Middle East

Tunisians vote in first free municipal elections

Rached Ghannouchi, leader of the Ennahda party, casts his ballot in the first free municipal elections since the 2011 revolution (AFP)

Tunisia's first free municipal elections got underway on Sunday as voters expressed frustration at the slow pace of change since the 2011 revolution in the cradle of the Arab Spring.

The elections have been touted as another milestone on the road to democracy in the North African country, which has been praised for its transition from decades of dictatorship.

But Tunisia has struggled with persistent political, security and economic problems as well as corruption since the revolution, and observers expected a low turnout for Sunday's poll.

Around 15 people trickled into a polling station in central Tunis to cast their ballots after voting officially began at 8:00 am (0700 GMT).

Ridha Kouki, 58, acknowledged that voting is "a right and a duty" but said Tunisians "have little hope" of any change.


'Tunisians are tired': Will long-awaited municipal elections make a difference?

Chokri Halaoui, 45, said he wanted to send a "message to politicians to tell them 'we have voted now show us what you can do'".

The Ennahda and secular Nidaa Tounis parties, which form a coalition at the national level, are expected to dominate the polls for 350 municipalities.

Tunisians have already voted in parliamentary and presidential elections since the 2011 fall of dictator Zine El Abidine Ben Ali, but municipal polls had been delayed four times due to logistic, administrative and political deadlocks.

President Beji Caid Essebsi has called for a "massive turnout".

"For the first time [since the revolution] the Tunisian people are called to participate in municipal elections, something that seems simple but it is very important," he said on Friday.

'Cart without wheels'

Tunisia is grappling with economic challenges including an inflation rate which stands at around eight percent and an unemployment rate of more than 15 percent.

The country was hit by a wave of protest at the start of the year over a new austerity budget introduced by the government.

"These municipal elections won't change anything for us. We will always be on the same cart without wheels or a horse," 34-year-old housewife Hilma said ahead of the vote.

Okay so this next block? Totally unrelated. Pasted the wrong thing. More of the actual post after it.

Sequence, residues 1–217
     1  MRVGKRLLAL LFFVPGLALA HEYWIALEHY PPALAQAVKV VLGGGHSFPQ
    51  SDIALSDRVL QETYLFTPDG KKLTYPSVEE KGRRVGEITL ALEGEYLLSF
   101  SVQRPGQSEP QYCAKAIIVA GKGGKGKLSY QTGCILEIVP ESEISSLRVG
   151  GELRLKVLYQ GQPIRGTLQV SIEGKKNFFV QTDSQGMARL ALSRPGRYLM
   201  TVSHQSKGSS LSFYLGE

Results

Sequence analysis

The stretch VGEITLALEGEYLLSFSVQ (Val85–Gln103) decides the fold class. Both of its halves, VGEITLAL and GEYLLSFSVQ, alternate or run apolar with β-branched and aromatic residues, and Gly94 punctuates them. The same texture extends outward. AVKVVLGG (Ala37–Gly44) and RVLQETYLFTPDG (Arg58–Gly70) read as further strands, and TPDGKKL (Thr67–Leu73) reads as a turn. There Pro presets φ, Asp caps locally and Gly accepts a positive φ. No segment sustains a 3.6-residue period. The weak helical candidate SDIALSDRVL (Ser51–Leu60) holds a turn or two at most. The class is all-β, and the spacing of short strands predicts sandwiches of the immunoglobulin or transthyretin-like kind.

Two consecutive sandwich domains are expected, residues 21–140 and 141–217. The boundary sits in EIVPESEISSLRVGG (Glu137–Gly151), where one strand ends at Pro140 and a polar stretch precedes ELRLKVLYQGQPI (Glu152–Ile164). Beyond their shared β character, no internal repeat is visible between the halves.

"I intended to boycott [the vote], but I changed my mind at the last moment," Mohamed Ali Abadi said after leaving a polling station. "We are facing a lot of economic problems but will continue our way in a real democracy."

The turnout in three polling stations visited by Reuters news agency in the capital Tunis in the morning was weak, with mostly elderly people voting while young people were sitting in cafes nearby.

"I want a job," said a young man who gave his name as Ramzi. "No one cared for us in the past years and we suffer from unemployment."

More than 57,000 candidates, half of them women and young people, are running for office in Tunisia's 350 municipalities.

Around 60,000 police and military personnel have been mobilised for the polls, while Tunisia remains under a state of emergency, imposed in 2015 after a string of deadly attacks by militants.

A new generation

Across the country, voting will run until 6pm (17:00 GMT) in more than 11,000 polling stations.

But in Kasserine in central Tunisia, a hotbed of protests during the revolt that toppled Ben Ali, polling stations will open later and close earlier for "security reasons," organisers said.

The municipal elections, enshrined in the new constitution and one of the demands of the revolution, mark the first tangible step of decentralisation since the end of Ben Ali's rule.


Tunisia's local elections can be the start of real democratic politics

Voters will elect municipal counsellors who in turn will elect mayors by mid-June.

While experts predict the Ennahda movement and the Nidaa Tounes party will come out on top in nearly every district, there remain some hopes that the polls, the first in four years, will see a new generation elected into office.

The main challenge will be to match voters' expectations with local budgets in a country where the central government makes the main decisions about how and where money gets spent.

A new law envisages some decision-making being gradually devolved to the local level, though it remains unclear how it will work in practice.

The municipal polls will be followed by legislative and presidential votes in 2019.

Original Article


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